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Stock Up, Stock Down: NBA Playoffs edition

Stock Up, Stock Down: NBA Playoffs edition

With nearly a full month of NBA playoff action in the books, we've witnessed a handful of players surprisingly exceed expectations and drive their league-wide value to increasingly high levels. On the other end of the spectrum, several stars have seen their market price dip quite a bit.

So whose stock has soared? Whose has plummeted? Let's dive in with an in-depth breakdown.

Stock Up

Jalen Brunson, Dallas Mavericks

Heading into the 2021-22 season, the Dallas Mavericks could have signed Jalen Brunson to a four-year, $56 million extension. However, ESPN's Tim MacMahon reported that the Mavs chose not to make an offer and didn't even engage in negotiations with Brunson's representatives. You have to assume Dallas is now regretting that decision.

After averaging career-highs in scoring (16.3 points), assists (4.8), rebounds (3.9) and steals (0.8) during the regular season, Brunson has taken his game to another level in the playoffs. With Luka Doncic sidelined early on in the Mavs' first-round series vs. Utah, Brunson got off to a scorching hot start, tallying 96 points, 16 rebounds and 16 assists over the first two games. He became just the third player in NBA history to tally at least 70 points and 10 assists while committing fewer than 2 turnovers over a two-game span in the postseason. Incredibly, Brunson led all players in total points scored in the first round (167).

After struggling a bit in the first two games of Dallas' first-round series vs. Phoenix, Brunson was again a crucial factor in the Mavs' victories at home in Games 3 and 4 over the weekend.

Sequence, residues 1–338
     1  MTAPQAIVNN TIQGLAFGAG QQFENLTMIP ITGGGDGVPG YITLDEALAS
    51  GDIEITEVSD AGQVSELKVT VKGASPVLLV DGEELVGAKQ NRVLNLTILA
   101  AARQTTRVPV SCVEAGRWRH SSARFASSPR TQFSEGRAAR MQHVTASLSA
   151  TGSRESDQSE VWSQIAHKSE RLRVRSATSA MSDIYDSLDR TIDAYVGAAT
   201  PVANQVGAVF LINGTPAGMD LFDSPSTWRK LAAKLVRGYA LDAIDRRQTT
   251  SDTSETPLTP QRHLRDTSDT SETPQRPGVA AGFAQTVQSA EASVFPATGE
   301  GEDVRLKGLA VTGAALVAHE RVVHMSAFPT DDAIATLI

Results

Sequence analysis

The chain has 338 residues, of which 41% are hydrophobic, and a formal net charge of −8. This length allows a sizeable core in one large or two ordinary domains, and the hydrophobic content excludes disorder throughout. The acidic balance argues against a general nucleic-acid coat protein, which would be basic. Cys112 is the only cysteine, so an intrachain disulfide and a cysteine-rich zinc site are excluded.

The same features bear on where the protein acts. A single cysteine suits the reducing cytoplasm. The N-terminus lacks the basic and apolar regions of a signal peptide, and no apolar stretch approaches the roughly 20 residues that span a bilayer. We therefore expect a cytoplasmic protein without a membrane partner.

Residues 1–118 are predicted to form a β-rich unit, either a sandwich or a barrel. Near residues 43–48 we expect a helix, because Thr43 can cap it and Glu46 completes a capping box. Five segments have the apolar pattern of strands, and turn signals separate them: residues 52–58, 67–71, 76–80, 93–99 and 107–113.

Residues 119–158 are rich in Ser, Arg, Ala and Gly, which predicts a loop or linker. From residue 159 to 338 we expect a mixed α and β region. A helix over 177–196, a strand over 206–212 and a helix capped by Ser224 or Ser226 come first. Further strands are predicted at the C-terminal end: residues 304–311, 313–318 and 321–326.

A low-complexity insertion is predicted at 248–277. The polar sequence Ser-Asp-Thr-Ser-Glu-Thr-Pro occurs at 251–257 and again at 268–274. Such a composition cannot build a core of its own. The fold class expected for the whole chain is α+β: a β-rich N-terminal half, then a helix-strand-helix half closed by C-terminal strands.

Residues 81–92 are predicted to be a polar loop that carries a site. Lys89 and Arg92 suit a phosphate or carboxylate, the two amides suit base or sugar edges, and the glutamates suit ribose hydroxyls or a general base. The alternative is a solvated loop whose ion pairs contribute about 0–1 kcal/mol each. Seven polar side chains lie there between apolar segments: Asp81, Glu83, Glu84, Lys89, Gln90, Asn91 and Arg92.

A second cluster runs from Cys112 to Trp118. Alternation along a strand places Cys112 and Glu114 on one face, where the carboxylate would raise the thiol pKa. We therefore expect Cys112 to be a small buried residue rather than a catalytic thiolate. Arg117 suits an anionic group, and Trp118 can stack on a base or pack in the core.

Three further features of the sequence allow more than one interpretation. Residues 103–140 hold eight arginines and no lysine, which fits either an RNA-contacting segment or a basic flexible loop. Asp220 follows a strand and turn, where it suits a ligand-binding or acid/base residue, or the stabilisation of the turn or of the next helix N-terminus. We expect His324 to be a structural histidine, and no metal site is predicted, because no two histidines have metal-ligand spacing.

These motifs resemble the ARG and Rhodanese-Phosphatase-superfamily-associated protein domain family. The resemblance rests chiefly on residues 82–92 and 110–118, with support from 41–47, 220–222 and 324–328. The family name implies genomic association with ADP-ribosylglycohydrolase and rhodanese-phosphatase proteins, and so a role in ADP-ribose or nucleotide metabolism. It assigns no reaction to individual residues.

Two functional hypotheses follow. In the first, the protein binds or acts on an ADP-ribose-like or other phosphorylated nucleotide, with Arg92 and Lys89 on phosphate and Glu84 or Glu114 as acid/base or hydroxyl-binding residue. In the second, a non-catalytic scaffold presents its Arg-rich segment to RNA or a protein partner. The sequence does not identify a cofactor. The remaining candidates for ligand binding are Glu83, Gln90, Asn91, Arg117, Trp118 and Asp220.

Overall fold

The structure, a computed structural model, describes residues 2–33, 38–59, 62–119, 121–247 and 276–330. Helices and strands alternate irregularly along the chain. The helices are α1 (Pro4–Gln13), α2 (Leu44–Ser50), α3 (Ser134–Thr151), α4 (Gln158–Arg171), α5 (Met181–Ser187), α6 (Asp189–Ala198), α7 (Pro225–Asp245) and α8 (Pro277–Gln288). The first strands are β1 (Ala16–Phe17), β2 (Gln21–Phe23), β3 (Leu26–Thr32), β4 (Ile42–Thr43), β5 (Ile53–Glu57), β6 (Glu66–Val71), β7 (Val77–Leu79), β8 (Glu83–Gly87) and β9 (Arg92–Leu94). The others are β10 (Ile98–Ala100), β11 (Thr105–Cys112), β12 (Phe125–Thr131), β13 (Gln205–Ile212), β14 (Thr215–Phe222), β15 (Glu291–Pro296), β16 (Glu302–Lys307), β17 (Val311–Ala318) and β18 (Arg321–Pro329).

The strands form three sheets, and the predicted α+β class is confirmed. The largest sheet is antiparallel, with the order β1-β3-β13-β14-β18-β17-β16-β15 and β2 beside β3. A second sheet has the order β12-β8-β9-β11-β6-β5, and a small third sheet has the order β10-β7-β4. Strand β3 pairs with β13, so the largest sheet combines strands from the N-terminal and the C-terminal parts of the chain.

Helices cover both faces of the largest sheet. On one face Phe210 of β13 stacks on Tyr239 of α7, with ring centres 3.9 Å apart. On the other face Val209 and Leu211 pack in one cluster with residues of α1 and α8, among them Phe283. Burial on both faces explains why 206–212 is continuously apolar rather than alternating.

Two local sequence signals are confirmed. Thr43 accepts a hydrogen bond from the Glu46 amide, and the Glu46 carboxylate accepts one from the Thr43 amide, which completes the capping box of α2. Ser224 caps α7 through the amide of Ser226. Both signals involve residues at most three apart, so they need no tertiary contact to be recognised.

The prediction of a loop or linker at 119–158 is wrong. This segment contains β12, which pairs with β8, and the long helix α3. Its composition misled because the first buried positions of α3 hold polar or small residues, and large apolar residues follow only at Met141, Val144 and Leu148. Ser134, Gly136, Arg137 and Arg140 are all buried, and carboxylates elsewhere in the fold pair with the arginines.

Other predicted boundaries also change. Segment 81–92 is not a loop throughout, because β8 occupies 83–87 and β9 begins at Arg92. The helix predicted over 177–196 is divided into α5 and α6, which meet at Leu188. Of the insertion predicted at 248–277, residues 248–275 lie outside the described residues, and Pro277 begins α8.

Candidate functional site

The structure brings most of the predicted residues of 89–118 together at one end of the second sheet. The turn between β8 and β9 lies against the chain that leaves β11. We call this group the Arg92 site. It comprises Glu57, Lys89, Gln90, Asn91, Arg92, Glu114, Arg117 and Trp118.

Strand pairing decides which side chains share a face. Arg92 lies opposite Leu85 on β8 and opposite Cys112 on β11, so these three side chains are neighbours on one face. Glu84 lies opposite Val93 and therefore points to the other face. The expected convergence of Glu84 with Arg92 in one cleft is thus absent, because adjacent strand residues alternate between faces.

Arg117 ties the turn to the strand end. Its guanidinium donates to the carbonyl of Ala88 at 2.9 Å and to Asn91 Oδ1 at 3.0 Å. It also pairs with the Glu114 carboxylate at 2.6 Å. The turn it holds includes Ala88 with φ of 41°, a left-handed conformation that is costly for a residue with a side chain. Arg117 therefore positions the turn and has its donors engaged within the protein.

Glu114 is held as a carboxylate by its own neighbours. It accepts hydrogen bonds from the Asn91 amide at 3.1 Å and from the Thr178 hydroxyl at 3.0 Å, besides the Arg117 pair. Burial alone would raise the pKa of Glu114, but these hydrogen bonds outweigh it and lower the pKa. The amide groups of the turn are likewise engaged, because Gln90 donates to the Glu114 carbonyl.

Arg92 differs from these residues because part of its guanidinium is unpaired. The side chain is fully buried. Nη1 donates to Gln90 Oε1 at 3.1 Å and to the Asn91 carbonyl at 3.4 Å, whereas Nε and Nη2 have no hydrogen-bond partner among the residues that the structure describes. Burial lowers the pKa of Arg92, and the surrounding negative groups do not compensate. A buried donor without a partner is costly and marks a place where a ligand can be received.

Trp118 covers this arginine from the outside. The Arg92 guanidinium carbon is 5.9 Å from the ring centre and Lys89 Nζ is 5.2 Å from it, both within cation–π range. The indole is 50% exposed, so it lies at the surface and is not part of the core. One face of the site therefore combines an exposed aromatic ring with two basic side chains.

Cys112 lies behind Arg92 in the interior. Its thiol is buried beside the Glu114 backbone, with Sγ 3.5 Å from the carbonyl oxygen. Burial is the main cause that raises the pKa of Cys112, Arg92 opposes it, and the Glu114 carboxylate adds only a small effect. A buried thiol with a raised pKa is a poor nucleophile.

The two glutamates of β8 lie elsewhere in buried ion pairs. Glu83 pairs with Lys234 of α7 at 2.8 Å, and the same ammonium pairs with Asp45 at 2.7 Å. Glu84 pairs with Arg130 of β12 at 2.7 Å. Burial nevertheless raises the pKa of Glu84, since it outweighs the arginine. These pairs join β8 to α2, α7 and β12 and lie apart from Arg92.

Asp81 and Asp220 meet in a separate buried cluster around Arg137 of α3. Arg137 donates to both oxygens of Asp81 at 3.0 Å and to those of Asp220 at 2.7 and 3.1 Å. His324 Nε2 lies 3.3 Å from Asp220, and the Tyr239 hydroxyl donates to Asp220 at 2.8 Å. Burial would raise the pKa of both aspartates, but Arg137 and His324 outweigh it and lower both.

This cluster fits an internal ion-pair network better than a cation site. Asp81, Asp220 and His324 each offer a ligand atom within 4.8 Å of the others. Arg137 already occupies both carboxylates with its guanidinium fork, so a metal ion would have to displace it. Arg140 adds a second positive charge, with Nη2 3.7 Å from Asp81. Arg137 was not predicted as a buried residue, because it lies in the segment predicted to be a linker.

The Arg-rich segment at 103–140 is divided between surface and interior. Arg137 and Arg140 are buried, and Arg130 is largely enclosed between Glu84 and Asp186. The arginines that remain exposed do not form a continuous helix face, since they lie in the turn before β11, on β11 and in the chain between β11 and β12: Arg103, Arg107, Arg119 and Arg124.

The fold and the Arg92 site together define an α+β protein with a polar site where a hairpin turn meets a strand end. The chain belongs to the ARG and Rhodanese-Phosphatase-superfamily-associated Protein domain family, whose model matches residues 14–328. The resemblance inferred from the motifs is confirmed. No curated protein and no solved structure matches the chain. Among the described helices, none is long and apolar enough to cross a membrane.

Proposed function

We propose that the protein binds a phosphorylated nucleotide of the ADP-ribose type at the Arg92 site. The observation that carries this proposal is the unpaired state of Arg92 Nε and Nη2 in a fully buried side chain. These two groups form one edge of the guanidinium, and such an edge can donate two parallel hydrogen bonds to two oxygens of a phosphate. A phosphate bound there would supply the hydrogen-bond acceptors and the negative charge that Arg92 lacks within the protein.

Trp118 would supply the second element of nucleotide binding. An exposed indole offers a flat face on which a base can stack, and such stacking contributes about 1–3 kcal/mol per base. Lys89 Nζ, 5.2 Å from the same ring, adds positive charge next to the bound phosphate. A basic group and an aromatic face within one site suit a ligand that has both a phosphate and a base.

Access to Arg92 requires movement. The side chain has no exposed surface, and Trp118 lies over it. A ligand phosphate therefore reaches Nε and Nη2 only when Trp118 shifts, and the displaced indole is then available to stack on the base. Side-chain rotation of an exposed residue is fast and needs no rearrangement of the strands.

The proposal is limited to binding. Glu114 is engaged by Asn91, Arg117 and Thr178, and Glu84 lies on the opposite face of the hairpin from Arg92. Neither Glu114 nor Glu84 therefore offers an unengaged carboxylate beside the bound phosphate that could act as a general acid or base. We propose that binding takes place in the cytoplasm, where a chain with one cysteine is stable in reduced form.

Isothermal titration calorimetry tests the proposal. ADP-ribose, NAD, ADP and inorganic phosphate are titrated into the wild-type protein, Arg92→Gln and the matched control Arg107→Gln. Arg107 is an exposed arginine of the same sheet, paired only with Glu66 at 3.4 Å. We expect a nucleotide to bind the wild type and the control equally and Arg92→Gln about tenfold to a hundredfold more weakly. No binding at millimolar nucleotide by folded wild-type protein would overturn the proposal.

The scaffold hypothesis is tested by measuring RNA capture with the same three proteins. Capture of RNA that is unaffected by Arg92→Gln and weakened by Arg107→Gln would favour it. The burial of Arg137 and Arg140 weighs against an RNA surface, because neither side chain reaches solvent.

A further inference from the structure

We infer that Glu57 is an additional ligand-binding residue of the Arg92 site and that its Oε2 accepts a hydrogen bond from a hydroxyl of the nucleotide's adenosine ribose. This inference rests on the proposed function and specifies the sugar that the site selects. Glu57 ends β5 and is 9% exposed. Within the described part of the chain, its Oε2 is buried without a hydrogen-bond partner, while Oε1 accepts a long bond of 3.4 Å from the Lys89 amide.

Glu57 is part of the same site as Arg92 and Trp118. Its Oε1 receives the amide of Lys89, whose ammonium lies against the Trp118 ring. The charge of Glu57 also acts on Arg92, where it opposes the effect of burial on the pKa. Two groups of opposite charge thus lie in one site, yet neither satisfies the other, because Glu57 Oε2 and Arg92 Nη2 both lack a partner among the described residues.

Through 10 postseason contests, Brunson is averaging 23.5 points, 4.6 boards and 3.9 dimes per game. He's done most of his damage by relentlessly attacking the rim. Among all postseason performers, Brunson ranks third in drives per game (behind only Ja Morant and Doncic) and third in points scored off drives.

It could be argued that no player has boosted his stock more over the past few weeks than Brunson. And it couldn't come at a better time for the versatile combo guard, who will become an unrestricted free agent on July 1. We know the New York Knicks are interested in making a run at Brunson, and according to Marc Stein, Detroit and Indiana have shown interest as well. However, Mark Cuban has stated publicly he plans to re-sign Brunson — even if it has an outsized impact on Dallas' luxury tax bill. 

Victor Oladipo, Miami Heat

Due to a slew of serious injuries that limited him to only 88 games over the past three seasons, Victor Oladipo was forced to settle for a one-year deal with Miami on the veteran minimum back in August. The hope was he'd be able to show teams during the 2021-22 campaign that he was finally fully healthy. Unfortunately, Oladipo was sidelined for nearly all of the regular season as he recovered from a debilitating right quadriceps injury. 'Dipo didn't make his season debut until March 7. 

After playing sporadically in late March and early April, Oladipo exploded for 40 points in the Heat's regular-season finale. Yet, he was a DNP-CD in each of Miami's first three playoff games. However, with both Jimmy Butler (knee) and Kyle Lowry (hamstring) ruled out for Game 5 of the Heat's first-round series vs. the Atlanta Hawks, Oladipo slid into the starting lineup. He finished that contest with 23 points (8 of 16 from the field, 4 of 4 on free throws), 3 assists, 3 steals, and 3 triples in 36 minutes. Needless to say, 'Dipo has been a part of the Miami rotation since. In Game 2 of Miami's second-round matchup vs. the Philadelphia 76ers, he tallied 19 points, 6 rebounds and 3 triples. He also chipped in 15 points off the bench in Game 4. 

Oladipo will undoubtedly have plenty of interest on the free-agent market this summer.

Al Horford, Boston Celtics

Al Horford's 2022-23 salary is only partially guaranteed. And when the Celtics initially acquired Horford last summer in a trade with the Oklahoma City Thunder, some pundits speculated that Boston might look to get out from under the $26.5 million owed to Big Al next season. 

But with as well as he has played this postseason, that will no longer be a consideration. Horford has been a godsend for Boston, averaging 15.9 points, 9.4 rebounds, 2.8 assists and 1.1 blocks per contest through the Celtics' first eight playoff games. In Game 3 vs. Milwaukee on Saturday, Horford became the first player in Boston's franchise history with at least 20 points, 15 rebounds, 5 assists and 4 made three-pointers in a single playoff game. Then, in Monday's Game 4 victory, he exploded for 30 points, 8 rebounds, 5 triples and 3 assists.

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Stock Down

Donovan Mitchell and Rudy Gobert, Utah Jazz